This is the second time that Gharabli has been wounded by Israeli police in the last half year. In May, amid violence in East Jerusalem, police beat him with batons inside Al-Aqsa Compound, even after he identified himself as a journalist and was carrying numerous cameras. A number of other journalists were also wounded by sponge-tipped bullets at the time, despite not standing next to protesters.

“It can’t be that every six months I am wounded by the police while doing my job,” Gharabli said.”I have two large cameras; I want to ask the policeman who shot me: why shoot? Who did I endanger? Who did I disturb or approach?” Talking to him while he is at home resting and suffering from chest pains, he described the situation in recent months: “Since May the condition has worsened. Lately, I’m scared. Even at this event, I did not get close because I was scared. I stood as far away as I could and I was shot with a sponge-tipped bullet anyway. How will I continue to work? I’m not at war. This was a house demolition, why shoot people?”

The Foreign Press Organization (FPA) issued a scathing condemnation following the incident, pointing out that “Ahmad was clearly distant from the protesters and the police and was easily recognizable with his camera.” According to the FPA, Gharabli’s injury “raises serious questions about the discipline and professionalism of the officers.” They linked this attack to “similar incidents in which journalists were injured in Jerusalem.”

The statement mentioned the incident in which officers beat AP photographer Mahmoud Illean during a protest in the East Jerusalem neighborhood of Sheikh Jarrah last month. The FPA stressed that after the attack on Illean, the police stated that they would open an investigation, but that “in what has become a pattern, there has been no communication from the police or any evidence of any investigation since then.”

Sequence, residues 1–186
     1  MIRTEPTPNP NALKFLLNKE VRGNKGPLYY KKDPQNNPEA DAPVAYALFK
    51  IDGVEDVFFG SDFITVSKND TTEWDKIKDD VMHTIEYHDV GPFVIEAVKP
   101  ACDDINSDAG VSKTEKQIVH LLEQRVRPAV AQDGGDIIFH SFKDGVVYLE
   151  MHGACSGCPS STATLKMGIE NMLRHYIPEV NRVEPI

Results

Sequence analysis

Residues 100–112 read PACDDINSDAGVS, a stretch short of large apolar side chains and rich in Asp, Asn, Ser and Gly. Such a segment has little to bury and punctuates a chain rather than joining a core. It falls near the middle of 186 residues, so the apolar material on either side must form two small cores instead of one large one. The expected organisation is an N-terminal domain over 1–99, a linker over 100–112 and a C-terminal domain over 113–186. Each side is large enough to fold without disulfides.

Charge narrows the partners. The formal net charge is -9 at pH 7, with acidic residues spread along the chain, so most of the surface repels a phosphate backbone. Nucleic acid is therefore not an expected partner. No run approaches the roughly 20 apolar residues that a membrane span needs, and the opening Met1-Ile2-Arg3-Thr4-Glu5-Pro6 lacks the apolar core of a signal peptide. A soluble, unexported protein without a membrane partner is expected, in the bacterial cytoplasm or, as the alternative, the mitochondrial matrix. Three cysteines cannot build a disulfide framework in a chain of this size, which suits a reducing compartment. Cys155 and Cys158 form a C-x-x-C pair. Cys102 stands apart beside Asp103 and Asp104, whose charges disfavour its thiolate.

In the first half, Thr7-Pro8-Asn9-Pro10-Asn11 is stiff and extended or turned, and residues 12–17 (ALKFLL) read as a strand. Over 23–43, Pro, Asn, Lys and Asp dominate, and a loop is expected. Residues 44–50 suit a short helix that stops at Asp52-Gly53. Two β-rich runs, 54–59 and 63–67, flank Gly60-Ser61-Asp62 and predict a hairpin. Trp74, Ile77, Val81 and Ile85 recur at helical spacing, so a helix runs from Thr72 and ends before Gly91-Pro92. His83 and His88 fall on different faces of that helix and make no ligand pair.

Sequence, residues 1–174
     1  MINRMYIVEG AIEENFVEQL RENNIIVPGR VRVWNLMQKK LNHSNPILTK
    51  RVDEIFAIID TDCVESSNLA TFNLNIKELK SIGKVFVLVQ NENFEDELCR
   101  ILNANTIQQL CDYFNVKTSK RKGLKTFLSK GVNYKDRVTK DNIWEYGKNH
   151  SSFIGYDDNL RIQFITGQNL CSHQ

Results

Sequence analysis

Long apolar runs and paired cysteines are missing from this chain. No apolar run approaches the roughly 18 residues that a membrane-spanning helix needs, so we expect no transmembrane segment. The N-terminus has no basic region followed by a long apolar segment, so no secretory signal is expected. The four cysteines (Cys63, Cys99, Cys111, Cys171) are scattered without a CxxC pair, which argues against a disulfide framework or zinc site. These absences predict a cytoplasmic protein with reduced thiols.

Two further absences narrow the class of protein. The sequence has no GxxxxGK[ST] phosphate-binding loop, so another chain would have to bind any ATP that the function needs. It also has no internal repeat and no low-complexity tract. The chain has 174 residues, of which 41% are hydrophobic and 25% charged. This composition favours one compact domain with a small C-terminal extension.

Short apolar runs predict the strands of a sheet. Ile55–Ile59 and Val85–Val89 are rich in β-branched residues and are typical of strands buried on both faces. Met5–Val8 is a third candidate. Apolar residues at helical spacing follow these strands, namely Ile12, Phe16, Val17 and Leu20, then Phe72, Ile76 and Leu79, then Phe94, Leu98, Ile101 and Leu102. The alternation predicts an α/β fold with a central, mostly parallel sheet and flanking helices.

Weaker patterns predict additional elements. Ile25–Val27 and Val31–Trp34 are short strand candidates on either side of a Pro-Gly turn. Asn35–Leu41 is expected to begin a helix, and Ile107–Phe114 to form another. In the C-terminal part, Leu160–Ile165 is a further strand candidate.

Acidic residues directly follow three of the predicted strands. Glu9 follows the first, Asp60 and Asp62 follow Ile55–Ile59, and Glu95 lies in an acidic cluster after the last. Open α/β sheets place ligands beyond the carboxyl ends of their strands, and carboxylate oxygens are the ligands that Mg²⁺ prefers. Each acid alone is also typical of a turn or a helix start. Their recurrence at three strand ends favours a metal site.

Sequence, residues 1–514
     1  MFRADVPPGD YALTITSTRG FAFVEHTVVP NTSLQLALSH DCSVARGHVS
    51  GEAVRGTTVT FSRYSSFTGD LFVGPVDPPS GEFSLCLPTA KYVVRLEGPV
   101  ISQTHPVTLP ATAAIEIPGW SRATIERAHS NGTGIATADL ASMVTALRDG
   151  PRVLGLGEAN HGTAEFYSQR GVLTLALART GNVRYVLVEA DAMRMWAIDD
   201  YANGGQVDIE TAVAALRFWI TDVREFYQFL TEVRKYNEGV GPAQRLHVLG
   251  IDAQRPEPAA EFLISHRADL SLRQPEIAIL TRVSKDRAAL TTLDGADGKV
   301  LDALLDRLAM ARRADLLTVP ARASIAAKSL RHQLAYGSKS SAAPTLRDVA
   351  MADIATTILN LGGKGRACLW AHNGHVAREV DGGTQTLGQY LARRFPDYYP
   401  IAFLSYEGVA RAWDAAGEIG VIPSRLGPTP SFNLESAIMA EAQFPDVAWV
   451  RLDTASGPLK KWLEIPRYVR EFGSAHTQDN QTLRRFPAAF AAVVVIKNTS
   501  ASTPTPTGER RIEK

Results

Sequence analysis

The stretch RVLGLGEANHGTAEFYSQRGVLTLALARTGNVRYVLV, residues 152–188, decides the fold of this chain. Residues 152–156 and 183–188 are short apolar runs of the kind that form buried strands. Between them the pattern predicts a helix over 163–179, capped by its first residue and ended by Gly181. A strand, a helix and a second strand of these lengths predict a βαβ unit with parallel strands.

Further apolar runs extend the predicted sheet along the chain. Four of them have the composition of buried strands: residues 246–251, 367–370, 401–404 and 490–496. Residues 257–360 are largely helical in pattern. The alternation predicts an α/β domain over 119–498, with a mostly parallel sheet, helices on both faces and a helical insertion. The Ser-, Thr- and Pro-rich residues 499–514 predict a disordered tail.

Gharabli noted that in the past he had complained to the Justice Ministry’s Police Investigation Unit (known colloquially as “Mahash”), but that he had no faith the incident would be investigated. “I complained a few times and they did not even reply. Last time I complained in May, they called me in and I went. I explained to them what had happened, but nothing has been done since. Mahash protects police officers, that’s why they continue [to act like this].”

In recent years, Israeli forces have wounded many Palestinians with sponge-tipped bullets in East Jerusalem. In 2014, 16-year-old Muhammad Sunuqrut was killed after he was shot with a sponge-tipped bullet. The case against the officer was closed. In 2016, Haaretz reported that despite one death and 30 injuries from sponge-tipped bullets, not a single indictment had been filed against police officers involved in these incidents.

An Israeli police spokesperson told +972 and Local Call that officers “disperse the riots in order to ward off lawbreakers and continue their activity at the scene,” and that due to the “complexity of the incident and the safety risk in the area,” the officers decided to keep the public at a distance for “fear that they would be harmed as a result of the violent disturbances.”

This article was first published in Hebrew on Local Call. Read it here.